We could answer the question asked in the title with a simple and firm response, “Because Jesus commanded us to!” Every inquisitive seeker of truth and wisdom comprehends the importance of the Proverb, “with all of our learning, we get understanding.” Why is loving our enemies so important? What positive effect or benefit comes from it?

Why Love Our Enemies?

We could answer the question asked in the title with a simple and firm response, “Because Jesus commanded us to!” Every inquisitive seeker of truth and wisdom comprehends the importance of the Proverb, “with all of our learning, we get understanding.” Why is loving our enemies so important? What positive effect or benefit comes from it?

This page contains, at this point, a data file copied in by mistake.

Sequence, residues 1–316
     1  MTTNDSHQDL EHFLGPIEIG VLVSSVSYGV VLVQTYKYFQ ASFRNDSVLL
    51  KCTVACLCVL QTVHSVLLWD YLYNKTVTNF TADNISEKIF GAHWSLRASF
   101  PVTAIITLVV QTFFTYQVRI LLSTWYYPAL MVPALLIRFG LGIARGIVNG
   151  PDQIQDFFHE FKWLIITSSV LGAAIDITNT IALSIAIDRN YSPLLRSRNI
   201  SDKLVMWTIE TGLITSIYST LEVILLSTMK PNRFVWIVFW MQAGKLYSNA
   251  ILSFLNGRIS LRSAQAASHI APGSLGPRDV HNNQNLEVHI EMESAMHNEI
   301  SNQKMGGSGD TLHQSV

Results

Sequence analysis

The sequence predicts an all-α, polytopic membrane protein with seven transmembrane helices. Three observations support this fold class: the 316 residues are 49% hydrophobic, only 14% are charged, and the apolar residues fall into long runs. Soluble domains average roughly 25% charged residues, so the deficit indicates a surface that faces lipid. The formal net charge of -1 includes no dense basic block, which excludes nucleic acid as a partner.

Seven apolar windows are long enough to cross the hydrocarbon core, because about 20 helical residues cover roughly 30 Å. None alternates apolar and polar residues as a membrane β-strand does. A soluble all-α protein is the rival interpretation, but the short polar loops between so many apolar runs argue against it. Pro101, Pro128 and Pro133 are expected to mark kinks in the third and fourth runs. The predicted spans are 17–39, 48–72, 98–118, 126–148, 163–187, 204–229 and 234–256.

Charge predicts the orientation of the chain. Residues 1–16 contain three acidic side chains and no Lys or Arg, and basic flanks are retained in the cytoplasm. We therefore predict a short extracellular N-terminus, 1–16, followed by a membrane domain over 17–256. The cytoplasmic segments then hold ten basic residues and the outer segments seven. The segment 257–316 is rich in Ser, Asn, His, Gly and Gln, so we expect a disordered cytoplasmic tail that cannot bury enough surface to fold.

Let me share what obedience to this puzzling and difficult to obey command has done for me. Because I am a bold, passionate communicator of all that is in my own heart and I fearlessly stand for what I believe to be important, I have always had critics. I have said in humor, “I may be often wrong, but I’m never in doubt!” Those who disagree may find both my message and style offensive. They not only attack what I believe, but the manner in which I say it.

My fervor, firmness, and passion can come across as anger. In the past some in media labeled me “God’s angry man.” Photographers sent to cover my speaking events would try to find me with an angry expression on my face as though as I was a radical Ayatollah or terrorist, or perhaps Batman’s Joker. The pictures were often found on the front pages of newspapers and magazines, or connected to an article covering the event at which I spoke.